Wednesday 11 December 2019

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Infrastructure | Transport

Govt. threatens to cancel private bus permits

 

The six-day old bus operators' strike took a serious turn today with Goa government threatening to cancel permits of all the striking private bus operators, comprising 70 per cent of the state's public transport.

Chief minister Pratapsing Rane today announced in the Assembly to deal firmly with the private bus operators, who kept off the road even after its president declared withdrawal of the strike on Saturday. In protest, the president resigned from the bus owners' association.

The issue has now taken a political turn with Rane holding South Goa MP Churchill Alemao, the United Goans Democratic Party supremo, for instigating the private bus operators to continue the strike, holding public at ransom.

The private bus operators had resorted to strike since Wednesday, in protest of government allowing mini buses of state-funded Kadamba Transport Corporation (KTC) over the Zuari bridge, which is closed for heavy traffic, fearing collapse of the bridge.

The KTC, which is presently in doldrums due to gross mismanagement and rampant corruption, runs only 30 per cent buses of state's total requirement while half of its buses are always found in broken condition. The public thus primarily depends upon buses run by private operators.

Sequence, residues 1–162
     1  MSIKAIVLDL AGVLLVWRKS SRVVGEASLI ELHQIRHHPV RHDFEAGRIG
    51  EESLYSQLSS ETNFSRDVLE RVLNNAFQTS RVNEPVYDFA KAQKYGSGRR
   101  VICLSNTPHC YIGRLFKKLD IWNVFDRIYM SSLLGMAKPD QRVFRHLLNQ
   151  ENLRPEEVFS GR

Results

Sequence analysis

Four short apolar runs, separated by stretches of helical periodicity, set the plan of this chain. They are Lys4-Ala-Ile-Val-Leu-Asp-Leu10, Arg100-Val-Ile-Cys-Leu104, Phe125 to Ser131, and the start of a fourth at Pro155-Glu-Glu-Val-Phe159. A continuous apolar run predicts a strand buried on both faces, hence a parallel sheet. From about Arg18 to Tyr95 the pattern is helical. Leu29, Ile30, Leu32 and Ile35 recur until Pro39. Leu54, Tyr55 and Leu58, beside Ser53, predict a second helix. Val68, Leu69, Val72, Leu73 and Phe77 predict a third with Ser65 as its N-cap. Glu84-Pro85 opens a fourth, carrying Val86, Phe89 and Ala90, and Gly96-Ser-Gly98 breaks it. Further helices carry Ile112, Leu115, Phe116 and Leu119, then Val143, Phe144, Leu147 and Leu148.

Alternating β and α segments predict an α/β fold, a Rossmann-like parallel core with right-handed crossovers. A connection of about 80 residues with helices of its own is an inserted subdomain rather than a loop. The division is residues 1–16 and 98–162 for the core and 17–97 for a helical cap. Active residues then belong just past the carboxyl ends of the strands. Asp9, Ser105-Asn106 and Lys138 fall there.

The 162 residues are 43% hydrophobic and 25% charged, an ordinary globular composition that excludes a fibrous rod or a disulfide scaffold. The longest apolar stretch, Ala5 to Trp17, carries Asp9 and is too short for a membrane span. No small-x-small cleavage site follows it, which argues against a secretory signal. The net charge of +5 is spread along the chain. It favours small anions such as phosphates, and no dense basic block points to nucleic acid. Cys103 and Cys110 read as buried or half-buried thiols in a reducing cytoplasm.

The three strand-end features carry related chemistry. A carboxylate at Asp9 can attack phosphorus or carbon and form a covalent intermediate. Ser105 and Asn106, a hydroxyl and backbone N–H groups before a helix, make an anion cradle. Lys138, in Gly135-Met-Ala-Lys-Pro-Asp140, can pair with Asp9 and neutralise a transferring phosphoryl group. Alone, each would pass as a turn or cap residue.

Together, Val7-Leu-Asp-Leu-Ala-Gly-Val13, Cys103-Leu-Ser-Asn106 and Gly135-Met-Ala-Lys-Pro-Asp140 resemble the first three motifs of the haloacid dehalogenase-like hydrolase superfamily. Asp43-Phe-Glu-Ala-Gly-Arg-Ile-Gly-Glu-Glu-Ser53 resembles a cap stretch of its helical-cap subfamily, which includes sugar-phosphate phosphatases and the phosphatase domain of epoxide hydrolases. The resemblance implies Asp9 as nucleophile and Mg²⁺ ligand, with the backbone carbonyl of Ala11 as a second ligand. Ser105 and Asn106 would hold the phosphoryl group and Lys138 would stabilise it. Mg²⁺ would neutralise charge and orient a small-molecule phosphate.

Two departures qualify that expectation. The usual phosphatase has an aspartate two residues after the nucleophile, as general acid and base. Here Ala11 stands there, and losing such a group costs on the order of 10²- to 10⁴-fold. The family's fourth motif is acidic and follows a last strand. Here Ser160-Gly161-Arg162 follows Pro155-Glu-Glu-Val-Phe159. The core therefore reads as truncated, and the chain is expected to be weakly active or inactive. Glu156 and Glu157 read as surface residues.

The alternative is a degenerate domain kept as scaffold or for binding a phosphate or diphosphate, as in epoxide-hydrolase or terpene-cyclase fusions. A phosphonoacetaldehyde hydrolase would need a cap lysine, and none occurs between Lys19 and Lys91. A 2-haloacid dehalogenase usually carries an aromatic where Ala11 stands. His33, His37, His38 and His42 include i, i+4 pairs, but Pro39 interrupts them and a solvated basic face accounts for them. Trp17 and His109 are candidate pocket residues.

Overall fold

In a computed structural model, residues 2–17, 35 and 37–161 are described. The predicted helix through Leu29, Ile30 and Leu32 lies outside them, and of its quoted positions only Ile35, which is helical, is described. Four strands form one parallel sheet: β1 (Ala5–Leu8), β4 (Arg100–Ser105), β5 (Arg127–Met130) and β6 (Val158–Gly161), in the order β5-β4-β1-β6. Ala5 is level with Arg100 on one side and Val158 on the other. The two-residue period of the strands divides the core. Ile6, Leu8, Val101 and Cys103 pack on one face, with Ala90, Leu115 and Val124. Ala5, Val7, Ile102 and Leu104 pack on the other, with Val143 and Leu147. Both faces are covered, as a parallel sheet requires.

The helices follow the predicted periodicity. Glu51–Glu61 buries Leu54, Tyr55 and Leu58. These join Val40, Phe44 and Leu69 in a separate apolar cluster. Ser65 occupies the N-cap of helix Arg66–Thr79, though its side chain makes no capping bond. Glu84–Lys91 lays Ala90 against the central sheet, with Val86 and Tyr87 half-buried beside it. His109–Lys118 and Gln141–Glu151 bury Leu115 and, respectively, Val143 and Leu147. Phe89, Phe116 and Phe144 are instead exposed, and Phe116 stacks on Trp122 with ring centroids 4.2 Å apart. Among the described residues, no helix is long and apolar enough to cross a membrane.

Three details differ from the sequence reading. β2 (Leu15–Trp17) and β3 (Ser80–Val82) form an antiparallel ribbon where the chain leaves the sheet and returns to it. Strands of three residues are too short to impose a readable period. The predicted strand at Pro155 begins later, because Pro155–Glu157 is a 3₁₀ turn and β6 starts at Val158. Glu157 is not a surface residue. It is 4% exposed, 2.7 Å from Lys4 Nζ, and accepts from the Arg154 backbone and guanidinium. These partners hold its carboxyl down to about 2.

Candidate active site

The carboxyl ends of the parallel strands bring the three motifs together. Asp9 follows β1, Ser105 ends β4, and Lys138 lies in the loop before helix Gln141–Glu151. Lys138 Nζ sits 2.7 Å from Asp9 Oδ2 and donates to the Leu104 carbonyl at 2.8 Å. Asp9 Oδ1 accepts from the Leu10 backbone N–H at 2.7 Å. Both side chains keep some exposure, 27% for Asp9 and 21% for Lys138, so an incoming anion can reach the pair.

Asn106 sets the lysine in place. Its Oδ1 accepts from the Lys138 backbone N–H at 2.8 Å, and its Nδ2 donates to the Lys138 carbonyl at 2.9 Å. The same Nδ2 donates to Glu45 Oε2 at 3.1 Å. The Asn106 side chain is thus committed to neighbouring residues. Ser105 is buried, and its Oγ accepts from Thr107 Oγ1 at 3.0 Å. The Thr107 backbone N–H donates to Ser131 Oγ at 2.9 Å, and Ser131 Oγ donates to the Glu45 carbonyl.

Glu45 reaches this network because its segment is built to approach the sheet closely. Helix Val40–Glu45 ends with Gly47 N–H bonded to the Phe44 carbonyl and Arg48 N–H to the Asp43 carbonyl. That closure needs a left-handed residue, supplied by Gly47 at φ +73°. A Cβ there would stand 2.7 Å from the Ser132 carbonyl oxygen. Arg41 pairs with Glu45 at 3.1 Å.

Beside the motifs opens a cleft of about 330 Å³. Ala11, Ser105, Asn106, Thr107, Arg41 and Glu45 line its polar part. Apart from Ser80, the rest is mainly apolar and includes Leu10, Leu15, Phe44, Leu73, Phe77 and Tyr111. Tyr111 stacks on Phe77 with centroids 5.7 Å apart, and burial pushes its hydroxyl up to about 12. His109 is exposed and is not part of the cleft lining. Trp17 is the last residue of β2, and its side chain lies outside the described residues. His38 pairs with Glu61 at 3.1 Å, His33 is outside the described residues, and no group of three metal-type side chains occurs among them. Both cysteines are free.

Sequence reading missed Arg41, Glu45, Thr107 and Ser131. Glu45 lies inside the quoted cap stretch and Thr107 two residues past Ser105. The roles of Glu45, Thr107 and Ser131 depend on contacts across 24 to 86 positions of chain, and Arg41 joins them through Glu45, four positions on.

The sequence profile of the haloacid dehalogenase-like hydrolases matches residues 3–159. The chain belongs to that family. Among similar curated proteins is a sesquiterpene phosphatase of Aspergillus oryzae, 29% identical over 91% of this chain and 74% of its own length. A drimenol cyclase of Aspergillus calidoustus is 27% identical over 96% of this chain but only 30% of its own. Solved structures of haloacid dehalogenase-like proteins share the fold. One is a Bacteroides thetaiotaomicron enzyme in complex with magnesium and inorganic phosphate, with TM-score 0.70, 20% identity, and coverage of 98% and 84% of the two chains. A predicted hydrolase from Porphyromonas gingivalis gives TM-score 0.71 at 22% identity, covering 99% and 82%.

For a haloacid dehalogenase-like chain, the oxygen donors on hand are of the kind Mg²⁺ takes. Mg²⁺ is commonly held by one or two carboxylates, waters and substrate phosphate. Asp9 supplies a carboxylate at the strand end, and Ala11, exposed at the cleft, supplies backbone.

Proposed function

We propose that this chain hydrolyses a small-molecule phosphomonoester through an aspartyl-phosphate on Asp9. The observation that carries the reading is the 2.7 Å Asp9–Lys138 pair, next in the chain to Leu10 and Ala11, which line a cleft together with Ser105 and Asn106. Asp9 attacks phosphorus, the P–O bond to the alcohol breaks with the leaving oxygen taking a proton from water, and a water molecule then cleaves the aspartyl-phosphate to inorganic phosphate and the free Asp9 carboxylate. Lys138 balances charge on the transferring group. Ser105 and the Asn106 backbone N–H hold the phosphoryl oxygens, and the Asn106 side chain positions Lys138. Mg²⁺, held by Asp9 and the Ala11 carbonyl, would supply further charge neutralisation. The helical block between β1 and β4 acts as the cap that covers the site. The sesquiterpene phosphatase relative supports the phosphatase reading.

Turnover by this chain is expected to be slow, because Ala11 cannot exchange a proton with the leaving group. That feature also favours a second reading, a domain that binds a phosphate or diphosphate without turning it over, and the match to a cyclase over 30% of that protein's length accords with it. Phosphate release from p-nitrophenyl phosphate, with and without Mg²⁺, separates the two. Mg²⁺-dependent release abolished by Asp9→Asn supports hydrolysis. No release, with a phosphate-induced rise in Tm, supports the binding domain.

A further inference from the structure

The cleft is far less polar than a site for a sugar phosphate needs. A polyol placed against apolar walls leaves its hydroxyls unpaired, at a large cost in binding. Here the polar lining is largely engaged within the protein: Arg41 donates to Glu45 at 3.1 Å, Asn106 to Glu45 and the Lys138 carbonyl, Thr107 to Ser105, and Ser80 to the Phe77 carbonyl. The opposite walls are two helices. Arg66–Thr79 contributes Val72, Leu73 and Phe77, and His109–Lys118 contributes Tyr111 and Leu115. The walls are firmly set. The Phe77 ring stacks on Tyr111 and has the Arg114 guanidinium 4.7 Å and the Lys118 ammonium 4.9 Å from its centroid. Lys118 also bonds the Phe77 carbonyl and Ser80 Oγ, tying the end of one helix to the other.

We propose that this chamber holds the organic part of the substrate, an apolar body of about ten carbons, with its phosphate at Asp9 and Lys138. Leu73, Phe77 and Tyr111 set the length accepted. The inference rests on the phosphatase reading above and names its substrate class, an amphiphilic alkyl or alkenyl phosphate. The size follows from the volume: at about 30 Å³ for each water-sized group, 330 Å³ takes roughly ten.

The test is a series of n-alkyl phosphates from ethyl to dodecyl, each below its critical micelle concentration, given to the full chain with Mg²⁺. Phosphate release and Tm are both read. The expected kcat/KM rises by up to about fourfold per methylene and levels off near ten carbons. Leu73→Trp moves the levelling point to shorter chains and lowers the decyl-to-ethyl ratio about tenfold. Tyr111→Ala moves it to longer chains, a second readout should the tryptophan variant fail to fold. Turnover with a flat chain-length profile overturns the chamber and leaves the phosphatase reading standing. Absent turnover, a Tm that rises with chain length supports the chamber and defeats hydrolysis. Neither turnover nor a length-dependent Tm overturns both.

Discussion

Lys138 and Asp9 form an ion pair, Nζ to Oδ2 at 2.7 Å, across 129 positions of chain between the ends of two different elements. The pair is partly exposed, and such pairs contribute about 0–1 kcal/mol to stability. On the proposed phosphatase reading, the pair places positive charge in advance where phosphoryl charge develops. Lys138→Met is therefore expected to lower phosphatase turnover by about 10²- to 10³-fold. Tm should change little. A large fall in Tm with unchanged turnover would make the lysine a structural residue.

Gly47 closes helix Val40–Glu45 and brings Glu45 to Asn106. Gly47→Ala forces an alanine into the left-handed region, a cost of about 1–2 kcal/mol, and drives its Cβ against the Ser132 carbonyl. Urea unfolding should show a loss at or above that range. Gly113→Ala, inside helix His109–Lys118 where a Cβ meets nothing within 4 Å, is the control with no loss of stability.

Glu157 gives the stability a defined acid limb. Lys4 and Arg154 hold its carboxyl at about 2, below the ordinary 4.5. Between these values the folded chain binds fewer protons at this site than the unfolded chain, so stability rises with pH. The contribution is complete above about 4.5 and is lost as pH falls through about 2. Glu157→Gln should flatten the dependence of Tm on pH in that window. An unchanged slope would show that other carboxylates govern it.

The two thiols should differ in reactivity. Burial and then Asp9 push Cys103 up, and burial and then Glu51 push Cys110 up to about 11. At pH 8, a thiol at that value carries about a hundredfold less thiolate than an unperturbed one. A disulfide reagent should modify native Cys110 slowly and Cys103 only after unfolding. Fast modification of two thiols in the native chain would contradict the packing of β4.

In protest of government's dilly-dallying over private bus operators' frequent strikes, the opposition had staged a walk out on Friday, demanding nationalisation of public transport. Transport minister Subhash Shirodkar has now assured to nationalise it in a phased manner.

As the strike continued despite successful negotiations held on Saturday, the government today cancelled permits of around 100 private buses, while chief minister Pratapsing Rane has threatened to cancel all the permits if buses are not brought on road by tomorrow.

Besides importing buses from the Karnataka and Maharashtra governments, buses belonging to government colleges and several departments are also now pressed into service to tackle the situation.

But as one third of Goa's population travels every day from villages to the cities by bus with no other mode of public transport available in the tiny tourist state, how the situation would be tackled if the strike continues, is yet to be seen.






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